This information, in different form, was originally published on Boat Trader.
For boaters in the haul-out-and-hold-on zones of the chilly north, spring is a busy time. As soon as the weather breaks we start burrowing in garages and workshops, getting our gear together for launching. Of course the ease and speed of commissioning a boat in the spring is directly related to how well it was winterized when the leaves turned in the fall. Assuming that you put your boat away right, here’s a checklist of basic commissioning items to help you get underway.
- Uncover your ride. If you use a high-quality tarp (not one of those lousy blue things) dry and fold it carefully for next season. If your boat is shrink-wrapped, take or send the old wrap to recycling. Do not throw it in a dumpster. It will come back to haunt you as a ghostly plastic nightmare.
- If your topsides are looking dirty or drab, wash and compound them first, then wax them with good marine paste-wax. It shines better, protects better, and lasts longer than “easier” liquid wax products. No pain, no gain.
- If you use an electric buffer, inspect the pad carefully for any debris that you might grind into the gelcoat. And keep that buffer moving – don’t hold it in one spot to hit a problem area, or you’ll have a problem area.
- Don’t wax non-skid deck areas! Wash them and you’re done.
- Use acid-based rust and stain removers sparingly, be careful how you rinse them, and avoid using them over an aluminum trailer.
- Apply your antifouling paint. Don’t paint your running gear with copper-based paint without a barrier coat, and don’t paint your transducers at all. If you have more to paint than just the bottom, here's a boat painting guide that will help.
- Replace hull zincs.
- Outboard engines that have been properly inspected and winterized in the fall should be ready to roll. Even so, it's a good idea to take off the cowling and have a look around. Mice and other critters can make mischief over the winter. Double-check wires, hoses, hose clamps, oil condition, water intakes, and zincs.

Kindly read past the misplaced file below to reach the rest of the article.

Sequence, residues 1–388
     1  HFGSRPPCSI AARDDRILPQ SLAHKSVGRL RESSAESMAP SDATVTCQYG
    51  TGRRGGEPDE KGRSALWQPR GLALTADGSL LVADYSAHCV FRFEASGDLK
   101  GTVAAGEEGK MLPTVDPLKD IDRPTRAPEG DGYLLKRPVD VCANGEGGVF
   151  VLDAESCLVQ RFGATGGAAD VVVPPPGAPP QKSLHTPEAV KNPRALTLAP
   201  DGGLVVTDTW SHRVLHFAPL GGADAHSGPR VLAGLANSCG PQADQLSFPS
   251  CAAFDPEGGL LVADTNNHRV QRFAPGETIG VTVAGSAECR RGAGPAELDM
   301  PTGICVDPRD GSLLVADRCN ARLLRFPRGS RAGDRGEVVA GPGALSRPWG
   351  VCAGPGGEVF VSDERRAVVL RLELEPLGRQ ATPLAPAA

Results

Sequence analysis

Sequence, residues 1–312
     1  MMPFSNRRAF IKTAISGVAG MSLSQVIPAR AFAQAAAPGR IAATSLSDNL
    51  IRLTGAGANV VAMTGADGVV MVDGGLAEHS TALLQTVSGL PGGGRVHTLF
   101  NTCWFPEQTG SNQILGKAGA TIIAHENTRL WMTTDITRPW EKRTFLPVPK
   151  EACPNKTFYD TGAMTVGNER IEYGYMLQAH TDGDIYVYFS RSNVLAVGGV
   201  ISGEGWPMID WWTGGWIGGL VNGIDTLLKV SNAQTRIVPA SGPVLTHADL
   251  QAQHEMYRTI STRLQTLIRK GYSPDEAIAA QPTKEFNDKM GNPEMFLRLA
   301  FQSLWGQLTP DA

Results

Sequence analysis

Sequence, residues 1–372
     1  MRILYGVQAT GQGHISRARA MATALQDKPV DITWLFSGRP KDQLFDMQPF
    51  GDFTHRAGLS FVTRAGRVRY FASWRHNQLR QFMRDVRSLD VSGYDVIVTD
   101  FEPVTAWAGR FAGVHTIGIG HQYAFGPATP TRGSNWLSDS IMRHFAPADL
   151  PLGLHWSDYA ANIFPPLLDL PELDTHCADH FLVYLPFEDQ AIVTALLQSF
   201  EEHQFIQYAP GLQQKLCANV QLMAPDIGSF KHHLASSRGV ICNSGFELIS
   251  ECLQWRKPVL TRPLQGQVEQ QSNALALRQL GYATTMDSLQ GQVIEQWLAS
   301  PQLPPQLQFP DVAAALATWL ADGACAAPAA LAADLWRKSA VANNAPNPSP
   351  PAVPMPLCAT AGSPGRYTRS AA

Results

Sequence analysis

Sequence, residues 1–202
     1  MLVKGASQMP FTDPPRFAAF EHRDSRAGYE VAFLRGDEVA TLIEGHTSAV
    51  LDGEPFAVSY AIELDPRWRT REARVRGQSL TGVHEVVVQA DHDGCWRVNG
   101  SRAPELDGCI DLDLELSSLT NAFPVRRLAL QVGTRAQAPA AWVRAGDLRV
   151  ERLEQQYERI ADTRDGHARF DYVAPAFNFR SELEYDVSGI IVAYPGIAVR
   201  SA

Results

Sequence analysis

- The procedure for inboard engines can vary quite a bit depending on what type of boat and engine you have, and can include different plugs, cooling system prep, and parts replacement. So you’ll have to follow the manufacturer’s specific recommended procedures. But the following items are pretty much universal:
- Check all hose clamps and fittings. Tighten as necessary. Check hoses for cracking and chafe.
- Check your wiring. Electrical connections suffer in the winter from temperature changes and humidity. Clean your terminals, change them if necessary, and spray with a corrosion inhibitor.
- Check throttle and shift cables, lubricate with marine-grade Teflon or grease.
- Check your seacocks for free movement and lubricate as needed. Open those that need to be open for launch (raw-water intake!) and close those that need to be closed.
- Make sure your strainers are clear and clean.
- Check steering cables or hydraulics for proper tightness, wear, leaks, and smooth movement of the engine, rudder, or outdrive.
- Double-check fluid levels — lube oil, transmission oil, lower unit oil, coolant, etc. (These should have been checked or changed in the fall.)
- Check heat exchangers for deposits and obstructions. Clear out your old zincs and install new ones. (Again, it's best to do this in the fall. And don't use acid cleaners with zincs installed in the heat exchanger.)
- Check cooling water impellers and replace if necessary.
- Check belts for wear and proper tension.
- If your engine needs new spark plugs, wait to change them until after you’ve burned off last fall’s engine fogger residue.
- Check engine zincs, replace if necessary.
- On stern-drive boats, carefully inspect outdrive bellows for cracks and deterioration from winter weather.
- Drain all plumbing lines of antifreeze. (You used the non-toxic pink stuff in the fall, right?) Dispose of it properly.
- Fill your freshwater tanks.
- Flush the plumbing lines with fresh water long enough that coloration (from the antifreeze) is no longer visible. Then, flush a little longer.
- Open raw water intakes for the head, raw water washdowns, live-wells, and other plumbing systems.
- Check all your hoseclamps for rust and tightness.
- Spray all connections with contact cleaner.
- Test your brakes if your trailer is equipped with them.
- Grease wheel bearings (if you didn’t grease them in the fall), lubricate hitch mechanism, overhaul winch cable or strap and check for wear/weakness.
- Carefully check your tires (you blocked the trailer up in the fall to prevent settling, right?), including treads and sidewalls, and inflate to proper pressure. Do the same for your spare.
- Make sure flares, fire-extinguishers, and other required equipment is up-to-date.
- Check PFDs and stow them in an easy-to-access place.
- Test bilge blowers and bilge pumps.
- Overhaul your anchoring gear and stow it so that you can deploy the anchor quickly.
- Make sure your first-aid kit is stocked and up-to-date.
- Are the batteries fully charged?
- Is the registration renewed and have you put the current sticker on?
- Is your boating license on board or in your wallet?
- Sunscreen, bug repellent, toilet paper, plenty of fluids for the crew?
- Drain plug installed? Repeat: drain plug installed?
- Check. Check. Check. See you on the water.